The analogue switch uses two MOSFET transistors in a transmission gate arrangement as a switch that works very similar to a relay, with some advantages and several other limitations in comparison with an electromechanical relay.

The facility transistor(s) in a switching voltage regulator, comparable to a power supply unit, are used like a switch to alternately let power flow and block power from flowing.

Many individuals use metonymy to call a wide range of devices “switches” that conceptually connect or disconnect signals and communication paths between electrical devices, analogous to the way in which mechanical switches connect and disconnect paths for electrons to flow between two conductors. Early telephone systems used an automatically operated Strowger switch to attach telephone callers; telephone exchanges contain one or more crossbar switches today.

Since the arrival of digital logic in the 1950s, the term switch has spread to quite a lot of digital active devices reminiscent of transistors and logic gates whose function is to change their output state between two logic levels or connect different signal lines, and even computers, network switches, whose function is to offer connections between different ports in a computer network. The term ‘switched’ can also be applied to telecommunications networks, and signifies a network that is circuit switched, providing dedicated circuits for communication between end nodes, resembling the general public switched telephone network. The common feature of all these usages is they check with devices that control a binary state: they are either on or off, closed or open, connected or not connected.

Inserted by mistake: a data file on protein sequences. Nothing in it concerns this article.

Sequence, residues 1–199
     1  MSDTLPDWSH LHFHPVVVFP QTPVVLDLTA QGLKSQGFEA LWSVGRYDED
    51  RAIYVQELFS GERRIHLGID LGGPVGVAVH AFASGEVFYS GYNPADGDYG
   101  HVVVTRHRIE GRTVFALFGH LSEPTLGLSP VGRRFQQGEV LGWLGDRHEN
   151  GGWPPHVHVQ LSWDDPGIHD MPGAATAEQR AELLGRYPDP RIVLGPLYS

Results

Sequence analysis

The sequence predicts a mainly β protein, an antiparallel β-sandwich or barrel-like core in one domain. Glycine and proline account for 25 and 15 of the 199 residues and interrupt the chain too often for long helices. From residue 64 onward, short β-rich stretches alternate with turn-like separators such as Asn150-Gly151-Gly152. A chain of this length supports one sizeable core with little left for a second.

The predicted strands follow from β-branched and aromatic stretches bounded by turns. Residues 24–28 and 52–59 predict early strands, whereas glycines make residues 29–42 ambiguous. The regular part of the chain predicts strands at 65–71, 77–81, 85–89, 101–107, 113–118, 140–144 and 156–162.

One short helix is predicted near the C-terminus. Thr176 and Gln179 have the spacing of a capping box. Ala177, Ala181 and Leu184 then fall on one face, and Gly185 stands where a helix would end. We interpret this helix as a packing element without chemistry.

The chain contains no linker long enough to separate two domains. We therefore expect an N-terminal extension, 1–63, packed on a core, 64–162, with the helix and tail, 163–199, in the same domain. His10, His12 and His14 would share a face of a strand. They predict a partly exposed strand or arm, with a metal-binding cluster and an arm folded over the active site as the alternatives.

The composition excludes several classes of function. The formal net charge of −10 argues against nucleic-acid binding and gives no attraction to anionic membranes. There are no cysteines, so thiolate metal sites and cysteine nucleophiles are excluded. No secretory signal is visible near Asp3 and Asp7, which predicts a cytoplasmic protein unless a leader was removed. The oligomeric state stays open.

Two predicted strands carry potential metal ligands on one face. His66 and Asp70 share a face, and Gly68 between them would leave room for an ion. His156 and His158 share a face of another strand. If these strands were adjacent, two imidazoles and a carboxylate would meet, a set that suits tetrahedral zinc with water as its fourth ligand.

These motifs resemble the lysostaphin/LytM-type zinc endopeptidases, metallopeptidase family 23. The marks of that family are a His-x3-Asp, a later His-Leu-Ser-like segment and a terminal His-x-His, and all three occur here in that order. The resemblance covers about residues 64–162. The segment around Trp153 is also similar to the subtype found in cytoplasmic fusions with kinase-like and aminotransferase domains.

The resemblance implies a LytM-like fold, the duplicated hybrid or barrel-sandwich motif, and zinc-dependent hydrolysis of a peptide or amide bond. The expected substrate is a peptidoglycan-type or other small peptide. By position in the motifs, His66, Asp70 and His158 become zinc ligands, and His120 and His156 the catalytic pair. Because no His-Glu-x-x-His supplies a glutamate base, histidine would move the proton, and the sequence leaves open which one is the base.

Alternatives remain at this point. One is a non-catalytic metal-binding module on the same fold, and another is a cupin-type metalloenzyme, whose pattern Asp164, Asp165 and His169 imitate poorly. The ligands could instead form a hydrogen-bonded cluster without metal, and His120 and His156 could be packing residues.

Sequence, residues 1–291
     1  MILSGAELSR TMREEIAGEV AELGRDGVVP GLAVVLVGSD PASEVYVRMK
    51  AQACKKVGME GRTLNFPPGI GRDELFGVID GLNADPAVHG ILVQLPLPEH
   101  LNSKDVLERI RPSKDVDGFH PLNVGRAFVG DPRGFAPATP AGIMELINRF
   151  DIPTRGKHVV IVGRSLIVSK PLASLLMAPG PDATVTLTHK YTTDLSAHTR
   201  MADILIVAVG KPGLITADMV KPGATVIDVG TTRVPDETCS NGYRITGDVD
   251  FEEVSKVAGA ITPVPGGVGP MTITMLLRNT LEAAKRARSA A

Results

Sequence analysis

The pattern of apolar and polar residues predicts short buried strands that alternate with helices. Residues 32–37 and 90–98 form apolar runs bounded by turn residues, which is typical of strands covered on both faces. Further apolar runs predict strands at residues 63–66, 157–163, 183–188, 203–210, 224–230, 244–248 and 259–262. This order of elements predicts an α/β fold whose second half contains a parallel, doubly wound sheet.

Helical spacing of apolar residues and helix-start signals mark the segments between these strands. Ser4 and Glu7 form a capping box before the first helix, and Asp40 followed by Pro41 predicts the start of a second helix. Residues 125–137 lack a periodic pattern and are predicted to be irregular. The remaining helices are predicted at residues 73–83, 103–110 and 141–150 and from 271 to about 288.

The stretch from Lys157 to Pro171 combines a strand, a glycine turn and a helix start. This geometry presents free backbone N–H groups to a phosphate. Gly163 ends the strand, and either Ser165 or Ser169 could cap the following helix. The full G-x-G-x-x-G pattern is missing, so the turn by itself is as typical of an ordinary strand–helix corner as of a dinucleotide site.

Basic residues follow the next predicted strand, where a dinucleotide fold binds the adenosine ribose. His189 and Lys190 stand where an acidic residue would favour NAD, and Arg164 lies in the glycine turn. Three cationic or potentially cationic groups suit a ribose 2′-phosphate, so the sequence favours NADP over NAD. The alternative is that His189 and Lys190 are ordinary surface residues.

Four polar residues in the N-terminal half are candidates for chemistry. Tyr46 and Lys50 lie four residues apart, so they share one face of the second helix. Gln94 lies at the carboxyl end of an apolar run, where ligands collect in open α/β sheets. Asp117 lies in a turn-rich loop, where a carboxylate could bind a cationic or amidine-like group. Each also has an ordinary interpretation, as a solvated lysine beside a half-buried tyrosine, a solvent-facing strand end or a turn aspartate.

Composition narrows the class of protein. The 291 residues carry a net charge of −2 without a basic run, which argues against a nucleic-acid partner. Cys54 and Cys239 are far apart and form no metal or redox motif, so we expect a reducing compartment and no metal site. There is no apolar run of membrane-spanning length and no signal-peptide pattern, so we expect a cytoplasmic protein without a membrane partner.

Other switches[edit]

Centrifugal switch
Company switch
Dead man’s switch
Fireman’s switch
Hall-effect switch
Inertial switch
Isolator switch
Kill switch
Light switch
Latching switch
Load control switch
Membrane switch
Piezo switch
Pull switch
Push switch
Sense switch
Slotted optical switch
Stepping switch
Thermal switch
Time switch
Touch switch
Transfer switch
Zero speed switch

Commutator (electric)
Cutout
DIN rail
Electric switchboard
RF Switch Matrix
Switch access
Switchgear

^ “Switch”. The Free Dictionary. Farlex. 2008. Retrieved 2008-12-27.
^ “Switch”. The American Heritage Dictionary, College Edition. Houghton Mifflin. 1979. p. 1301.
^ RF Switch Explanation by Herley ?General Microwave
^ a b c “Engineer’s Relay Handbook, 5th edition, Chapter 1.6 by RSIA (formerly NARM)”.
^ Walker, PMB, Chambers Science and Technology Dictionary, Edinburgh, 1988, ISBN 1-85296-150-3
^ “Debouncing Javascript Methods”
^ “Lab Note #105 Contact Life ?Unsuppressed vs. Suppressed Arcing” (pdf). Arc Suppression Technologies. April 2011. Retrieved February 5, 2012. (3.6 Mb)
^ a b Fardo, Stephen; Patrick, Dale (2009-01-01). Electrical Power Systems Technology. The Fairmont Press, Inc. p. 337. Retrieved 2015-01-26.
^ Gregory K. McMillan (ed) Process/Industrial Instruments and Controls Handbook (5th Edition) (McGraw Hill, 1999) ISBN 0-07-012582-1 page 7.26
^ Gladstone, Bernard (1978). The new York times complete manual of home repair. Times Books.